Shut Up, Brain is a column by Jill Gutowitz in which she looks at everything from pop culture phenomena to the quirks of interpersonal relationships through the lens of someone who lives with anxiety.
I was 22 when I first started going to therapy. Wait, that's not true—the first time I went to therapy, I was six years; though, during those few sessions, I thought my parents were sending me to chill with a cool older lady named Harriet. When I was a teenager, I found out Harriet was actually an anger management therapist. So, I guess you could say I've struggled with my mental health nearly my whole life. But it wasn't until my early 20s that I decided to take control of it.
It was serendipitous, the timing of it all; I felt cataclysmically unsettled, so anxious I could barely keep food down. I was losing weight, losing interest in my work, and losing my mind. I went to the first therapist I was recommended, by an acquaintance, and that therapist happened to specialize in LGBTQ mental health. A few months in, I realized that I personally was struggling with LGBTQ mental health… as in, I was excruciatingly gay, and very repressed.
After about two years, I stopped going—mostly because I was abruptly laid off from a job, and I could no longer afford it. But I also felt like I was healed. I was happily dating my first girlfriend, had come out to my friends and family, and was working at a new job that was way better suited for my mental health. I lost sight of something that's easy to lose sight of as an anxious person: Mental health is something to be maintained, like your physical health or your skin-care routine, not something you can solve.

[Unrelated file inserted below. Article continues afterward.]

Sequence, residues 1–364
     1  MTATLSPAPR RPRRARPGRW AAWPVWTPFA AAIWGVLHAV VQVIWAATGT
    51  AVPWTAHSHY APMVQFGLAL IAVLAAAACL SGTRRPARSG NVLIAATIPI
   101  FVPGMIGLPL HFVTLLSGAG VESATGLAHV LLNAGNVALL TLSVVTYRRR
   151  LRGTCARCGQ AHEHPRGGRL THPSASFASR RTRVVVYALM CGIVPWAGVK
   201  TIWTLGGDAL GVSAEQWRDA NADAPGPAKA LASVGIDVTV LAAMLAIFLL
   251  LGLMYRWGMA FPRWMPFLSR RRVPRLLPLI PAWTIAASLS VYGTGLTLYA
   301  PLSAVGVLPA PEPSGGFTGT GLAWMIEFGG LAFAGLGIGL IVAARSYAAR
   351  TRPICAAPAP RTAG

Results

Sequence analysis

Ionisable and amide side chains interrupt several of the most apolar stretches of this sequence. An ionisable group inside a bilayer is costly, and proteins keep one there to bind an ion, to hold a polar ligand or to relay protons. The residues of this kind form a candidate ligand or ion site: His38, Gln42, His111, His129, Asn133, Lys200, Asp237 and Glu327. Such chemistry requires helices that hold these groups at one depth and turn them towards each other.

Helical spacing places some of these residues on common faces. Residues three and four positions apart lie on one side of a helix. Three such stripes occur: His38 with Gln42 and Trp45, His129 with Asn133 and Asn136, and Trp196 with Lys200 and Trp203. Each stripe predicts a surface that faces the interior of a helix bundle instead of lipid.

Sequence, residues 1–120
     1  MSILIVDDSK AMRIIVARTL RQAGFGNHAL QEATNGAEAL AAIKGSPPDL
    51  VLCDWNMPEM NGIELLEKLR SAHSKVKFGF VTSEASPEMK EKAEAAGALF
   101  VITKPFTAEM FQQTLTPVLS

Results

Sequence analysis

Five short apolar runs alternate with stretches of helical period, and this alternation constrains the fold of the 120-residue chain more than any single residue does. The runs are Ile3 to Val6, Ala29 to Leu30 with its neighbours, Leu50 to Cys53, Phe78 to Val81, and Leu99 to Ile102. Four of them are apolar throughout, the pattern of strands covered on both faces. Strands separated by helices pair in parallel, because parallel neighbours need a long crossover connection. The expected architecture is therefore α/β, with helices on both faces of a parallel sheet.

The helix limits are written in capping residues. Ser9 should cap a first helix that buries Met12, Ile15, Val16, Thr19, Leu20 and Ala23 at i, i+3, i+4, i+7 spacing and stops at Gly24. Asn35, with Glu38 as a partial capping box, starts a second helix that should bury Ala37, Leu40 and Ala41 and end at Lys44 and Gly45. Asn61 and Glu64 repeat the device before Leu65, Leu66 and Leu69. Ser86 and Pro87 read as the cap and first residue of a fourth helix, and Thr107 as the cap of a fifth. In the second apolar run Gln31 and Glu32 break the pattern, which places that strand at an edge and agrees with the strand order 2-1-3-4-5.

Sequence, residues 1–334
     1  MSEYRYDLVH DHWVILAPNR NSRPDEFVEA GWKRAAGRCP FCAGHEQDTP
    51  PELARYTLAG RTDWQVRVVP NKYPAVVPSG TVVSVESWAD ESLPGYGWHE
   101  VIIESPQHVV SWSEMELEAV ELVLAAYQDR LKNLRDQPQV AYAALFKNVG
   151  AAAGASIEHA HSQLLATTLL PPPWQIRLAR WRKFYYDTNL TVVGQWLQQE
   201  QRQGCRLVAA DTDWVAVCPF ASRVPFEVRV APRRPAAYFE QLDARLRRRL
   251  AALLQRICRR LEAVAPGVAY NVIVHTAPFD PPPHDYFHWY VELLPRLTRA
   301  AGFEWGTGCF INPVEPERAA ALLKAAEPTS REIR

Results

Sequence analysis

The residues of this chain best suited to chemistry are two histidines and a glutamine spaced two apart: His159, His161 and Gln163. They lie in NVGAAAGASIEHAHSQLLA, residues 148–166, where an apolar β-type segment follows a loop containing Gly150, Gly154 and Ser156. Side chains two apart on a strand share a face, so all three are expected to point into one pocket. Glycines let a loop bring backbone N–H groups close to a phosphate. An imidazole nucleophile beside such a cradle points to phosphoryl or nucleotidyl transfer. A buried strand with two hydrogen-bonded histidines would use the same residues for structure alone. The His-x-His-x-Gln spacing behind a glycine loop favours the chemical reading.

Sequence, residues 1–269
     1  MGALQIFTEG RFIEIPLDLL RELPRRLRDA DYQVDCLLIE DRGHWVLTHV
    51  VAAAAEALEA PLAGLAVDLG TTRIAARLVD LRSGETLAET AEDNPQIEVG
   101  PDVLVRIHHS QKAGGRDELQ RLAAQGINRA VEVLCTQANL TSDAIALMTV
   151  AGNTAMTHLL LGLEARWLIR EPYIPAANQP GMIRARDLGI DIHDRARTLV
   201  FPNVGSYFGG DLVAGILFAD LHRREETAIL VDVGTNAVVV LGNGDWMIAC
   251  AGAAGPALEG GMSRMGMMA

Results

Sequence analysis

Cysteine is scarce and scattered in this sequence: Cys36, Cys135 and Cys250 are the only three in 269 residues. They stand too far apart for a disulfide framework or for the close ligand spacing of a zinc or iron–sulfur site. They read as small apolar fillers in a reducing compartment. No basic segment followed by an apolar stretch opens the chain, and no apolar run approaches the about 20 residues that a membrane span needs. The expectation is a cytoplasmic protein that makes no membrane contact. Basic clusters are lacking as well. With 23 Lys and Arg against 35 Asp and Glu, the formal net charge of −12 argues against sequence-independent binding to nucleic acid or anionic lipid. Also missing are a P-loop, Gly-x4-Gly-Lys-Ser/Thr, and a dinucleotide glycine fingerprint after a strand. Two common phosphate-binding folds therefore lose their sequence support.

In the absence of therapy, I've tried many methods of allaying my anxiety: I've seen numerous psychiatrists and tried different medications, but the meds didn't work out for me—though they do for so many people. I've tried bougie hot yoga classes, which are fun and absolutely does bring me peace, but also are expensive and therefore difficult to maintain. I've tried being a gym rat and obsessively swimming laps at 24-Hour Fitness, garnering stares from sweaty old men and dudes who read the writing on my T-shirts back to me ("'Disobedience.' Are you a rebel or something?" No, it's a lesbian movie—keep walking, random man).
However, these bursts of activities or remedies have always been reactive rather than proactive, as in, when I've had swells of anxiety and depression for a few months, I try to find a new way to help myself. It can feel almost as if I'm bingeing on self-care, and as soon as I find peace of mind, I'm like, Boom. Solved! And then... I revert to not taking care of myself.
Over the last year, I've said the words, "I want to go back to therapy" so many times, I've lost count. And in the three years since I stopped going, I've experienced more toxic dating trauma than I ever thought I would—stuff I knew I needed to work through and talk about in order to move past it—like, you know, falling in love with someone who was openly emotionally abusive, fear of commitment after multiple rejections, fear of letting myself get anywhere close to saying "I love you" to someone again, good ole trust issues.